Busselton Waste Facility - Groundwater investigations

The Busselton Waste Facility on Rendezvous Road operated as a Class II landfill between the late 1960s and 2012 - accepting mixed household and industrial waste. The facility is now a waste transfer station.
Last updated: 17 June 2022


Over time, the waste in the landfill decomposed, creating a liquid (known as leachate) which has impacted groundwater in the locality of Vasse.

The Department of Water and Environmental Regulation (DWER)* first classified the waste facility (as possibly contaminated – investigation required) under the Contaminated Sites Act 2003 in July 2007.  

Investigations initially found ammonia and other substances in residential bore water at levels that did not exceed the relevant public health criteria.  

However, in October 2016, more detailed testing found contaminants in several residential bores. Residents at three properties were notified that contaminant levels in their bore water exceeded public health criteria for drinking water and, in some cases, garden irrigation.

Since January 2017, the waste facility has been classified as contaminated – remediation required.

The City of Busselton is required by DWER to take remedial action and carry out further investigations to identify whether additional properties’ bore water sources are affected. See the City of Busselton's website for information on the groundwater investigation and a map of the area involved.

Note: Water from household taps (scheme water) is not affected.

Throughout Western Australia, the Department of Health (DoH) advises untested and untreated bore water should never be used for drinking, bathing or filling swimming pools and children should not play under bore water sprinklers. 

Owners and residents within the affected area should continue to follow precautionary advice provided by the City of Busselton regarding the use of groundwater from private bores and the consumption of home-grown produce potentially exposed to this bore water. 

The City of Busselton has constructed a water main along Rendezvous Road and all affected properties now have access to scheme water. 

* The former Department of Environment Regulation amalgamated on 1 July 2017 with the Department of Water and the Office of the Environmental Protection Authority, forming the Department of Water and Environmental Regulation.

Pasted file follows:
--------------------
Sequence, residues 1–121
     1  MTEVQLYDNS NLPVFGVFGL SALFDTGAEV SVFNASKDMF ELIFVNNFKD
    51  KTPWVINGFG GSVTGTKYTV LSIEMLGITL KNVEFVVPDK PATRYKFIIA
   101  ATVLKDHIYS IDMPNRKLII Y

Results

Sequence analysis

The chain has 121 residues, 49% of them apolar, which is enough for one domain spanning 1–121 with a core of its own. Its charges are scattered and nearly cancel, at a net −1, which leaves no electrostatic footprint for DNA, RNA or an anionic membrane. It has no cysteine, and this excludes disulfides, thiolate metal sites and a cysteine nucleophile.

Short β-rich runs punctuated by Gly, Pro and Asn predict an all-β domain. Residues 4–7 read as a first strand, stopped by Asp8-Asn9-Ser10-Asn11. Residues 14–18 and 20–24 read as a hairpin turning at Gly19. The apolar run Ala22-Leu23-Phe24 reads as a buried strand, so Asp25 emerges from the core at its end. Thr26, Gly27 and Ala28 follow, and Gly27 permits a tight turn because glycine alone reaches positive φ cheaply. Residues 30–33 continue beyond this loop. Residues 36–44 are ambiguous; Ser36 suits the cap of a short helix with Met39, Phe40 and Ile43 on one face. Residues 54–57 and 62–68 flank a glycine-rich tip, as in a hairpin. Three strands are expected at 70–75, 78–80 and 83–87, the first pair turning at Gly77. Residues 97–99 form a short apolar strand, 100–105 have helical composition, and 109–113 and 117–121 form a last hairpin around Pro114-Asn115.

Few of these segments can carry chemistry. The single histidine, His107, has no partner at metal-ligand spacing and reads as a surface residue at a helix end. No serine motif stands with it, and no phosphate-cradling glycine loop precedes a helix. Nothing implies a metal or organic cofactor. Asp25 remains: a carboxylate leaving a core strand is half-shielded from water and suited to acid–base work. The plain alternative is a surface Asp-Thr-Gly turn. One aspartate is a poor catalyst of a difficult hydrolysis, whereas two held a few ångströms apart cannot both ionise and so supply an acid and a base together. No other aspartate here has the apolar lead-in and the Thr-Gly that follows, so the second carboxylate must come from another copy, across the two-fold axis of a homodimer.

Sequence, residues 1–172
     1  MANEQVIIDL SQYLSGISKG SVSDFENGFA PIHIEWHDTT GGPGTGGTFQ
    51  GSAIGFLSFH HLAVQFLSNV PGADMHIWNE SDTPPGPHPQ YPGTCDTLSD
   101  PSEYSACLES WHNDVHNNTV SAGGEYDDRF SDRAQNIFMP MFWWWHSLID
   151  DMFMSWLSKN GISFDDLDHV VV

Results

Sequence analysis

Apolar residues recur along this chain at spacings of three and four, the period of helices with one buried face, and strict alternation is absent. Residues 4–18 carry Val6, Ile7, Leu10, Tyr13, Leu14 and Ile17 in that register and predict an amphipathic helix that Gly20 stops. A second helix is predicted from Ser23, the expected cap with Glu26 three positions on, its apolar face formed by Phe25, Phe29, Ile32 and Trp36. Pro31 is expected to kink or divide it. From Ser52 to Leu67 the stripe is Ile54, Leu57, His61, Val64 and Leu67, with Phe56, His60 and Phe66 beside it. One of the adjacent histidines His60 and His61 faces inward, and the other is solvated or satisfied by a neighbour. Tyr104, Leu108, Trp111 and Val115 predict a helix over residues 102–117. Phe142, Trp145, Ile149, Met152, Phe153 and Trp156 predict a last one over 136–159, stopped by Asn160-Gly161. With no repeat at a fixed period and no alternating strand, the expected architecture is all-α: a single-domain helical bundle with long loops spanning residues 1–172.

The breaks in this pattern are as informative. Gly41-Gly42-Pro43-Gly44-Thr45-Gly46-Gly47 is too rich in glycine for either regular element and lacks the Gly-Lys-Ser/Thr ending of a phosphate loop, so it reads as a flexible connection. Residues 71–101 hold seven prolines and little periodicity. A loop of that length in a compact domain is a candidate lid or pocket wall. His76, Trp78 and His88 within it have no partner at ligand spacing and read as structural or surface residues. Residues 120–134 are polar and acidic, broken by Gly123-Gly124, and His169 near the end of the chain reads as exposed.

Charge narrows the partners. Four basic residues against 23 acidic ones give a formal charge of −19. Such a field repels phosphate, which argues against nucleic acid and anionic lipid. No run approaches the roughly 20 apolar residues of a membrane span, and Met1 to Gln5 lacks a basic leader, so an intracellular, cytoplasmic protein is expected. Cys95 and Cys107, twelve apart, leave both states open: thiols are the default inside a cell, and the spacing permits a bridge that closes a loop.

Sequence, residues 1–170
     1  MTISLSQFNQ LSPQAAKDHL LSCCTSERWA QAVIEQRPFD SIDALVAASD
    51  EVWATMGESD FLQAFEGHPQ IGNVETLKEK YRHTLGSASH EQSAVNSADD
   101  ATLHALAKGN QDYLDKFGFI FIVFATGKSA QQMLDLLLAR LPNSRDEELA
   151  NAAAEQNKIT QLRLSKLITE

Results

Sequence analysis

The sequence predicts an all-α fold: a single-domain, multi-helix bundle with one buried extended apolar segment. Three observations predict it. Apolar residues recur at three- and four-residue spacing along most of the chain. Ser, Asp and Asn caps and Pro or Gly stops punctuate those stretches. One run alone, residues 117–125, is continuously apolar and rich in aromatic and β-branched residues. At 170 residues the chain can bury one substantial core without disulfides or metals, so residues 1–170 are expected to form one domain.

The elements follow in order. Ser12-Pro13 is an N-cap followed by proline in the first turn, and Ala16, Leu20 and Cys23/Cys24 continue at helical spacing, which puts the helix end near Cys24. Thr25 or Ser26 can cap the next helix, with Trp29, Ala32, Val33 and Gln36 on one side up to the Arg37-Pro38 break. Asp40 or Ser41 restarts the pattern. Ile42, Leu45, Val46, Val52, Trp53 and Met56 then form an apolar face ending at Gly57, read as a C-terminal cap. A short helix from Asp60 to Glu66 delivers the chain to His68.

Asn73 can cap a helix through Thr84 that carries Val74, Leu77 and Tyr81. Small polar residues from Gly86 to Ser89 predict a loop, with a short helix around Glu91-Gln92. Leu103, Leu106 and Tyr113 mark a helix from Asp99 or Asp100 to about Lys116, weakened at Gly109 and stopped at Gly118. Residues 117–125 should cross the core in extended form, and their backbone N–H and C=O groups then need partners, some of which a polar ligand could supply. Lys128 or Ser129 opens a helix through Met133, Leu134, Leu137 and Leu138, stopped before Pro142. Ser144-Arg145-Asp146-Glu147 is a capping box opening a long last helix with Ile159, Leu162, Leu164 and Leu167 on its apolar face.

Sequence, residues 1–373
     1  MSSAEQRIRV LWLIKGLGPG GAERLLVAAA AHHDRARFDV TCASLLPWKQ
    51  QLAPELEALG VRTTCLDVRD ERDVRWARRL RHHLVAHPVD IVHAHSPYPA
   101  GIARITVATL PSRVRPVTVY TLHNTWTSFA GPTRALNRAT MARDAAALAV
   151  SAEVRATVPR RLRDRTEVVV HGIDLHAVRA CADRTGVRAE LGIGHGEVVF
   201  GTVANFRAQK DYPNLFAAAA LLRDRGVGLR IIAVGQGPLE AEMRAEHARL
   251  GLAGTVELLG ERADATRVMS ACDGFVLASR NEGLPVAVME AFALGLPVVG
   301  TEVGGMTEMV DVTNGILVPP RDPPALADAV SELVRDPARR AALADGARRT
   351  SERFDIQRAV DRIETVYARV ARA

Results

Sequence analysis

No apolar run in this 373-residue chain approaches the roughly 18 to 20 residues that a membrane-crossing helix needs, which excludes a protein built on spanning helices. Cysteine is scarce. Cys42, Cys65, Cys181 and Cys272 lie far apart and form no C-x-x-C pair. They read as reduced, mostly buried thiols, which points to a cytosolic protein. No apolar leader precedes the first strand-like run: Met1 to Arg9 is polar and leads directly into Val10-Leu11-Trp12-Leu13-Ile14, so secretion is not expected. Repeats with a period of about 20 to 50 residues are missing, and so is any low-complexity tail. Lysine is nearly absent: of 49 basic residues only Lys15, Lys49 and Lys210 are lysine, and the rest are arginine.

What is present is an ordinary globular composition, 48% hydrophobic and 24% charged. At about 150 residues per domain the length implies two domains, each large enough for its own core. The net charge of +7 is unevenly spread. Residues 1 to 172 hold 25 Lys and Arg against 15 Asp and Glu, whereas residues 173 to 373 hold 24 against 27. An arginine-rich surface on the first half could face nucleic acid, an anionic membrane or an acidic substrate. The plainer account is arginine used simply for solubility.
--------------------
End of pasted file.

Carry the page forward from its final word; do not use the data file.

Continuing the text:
What is happening now?

As required by DWER, the City of Busselton's environmental consultant undertook further investigations and risk assessment between 2018 and 2021, to determine the extent of groundwater contamination. This included further testing of private water supplies (such as bores, wells, soaks and dams) and explaining results to residents.

The City also engaged an accredited contaminated sites auditor to oversee the investigation and risk assessment program. The auditor’s assessment of these works is detailed in a series of mandatory auditor's reports, the most recent of which was received by DWER in January 2021.

The extent of groundwater contamination is now well-defined, and the City’s environmental consultant is currently developing options to manage the groundwater contamination. These options will be reviewed by the auditor and DWER. The auditor expects to submit a further mandatory auditor's report to DWER in mid-2022.

DWER continues to liaise with the City of Busselton and the auditor to ensure information is provided to affected residents, and action to investigate and manage the contamination is being taken as quickly as possible.

More information

See the City of Busselton's website for information on the groundwater investigation and a map of the area involved.

DWER will update this page as new information comes to hand. If you have queries or would like more information, call the Contaminated Sites hotline on 1300 762 982.

Department of Health's information on using bore water safely.

DWER's fact sheet Contaminated groundwater — could my garden bore be affected?


Updated May 2022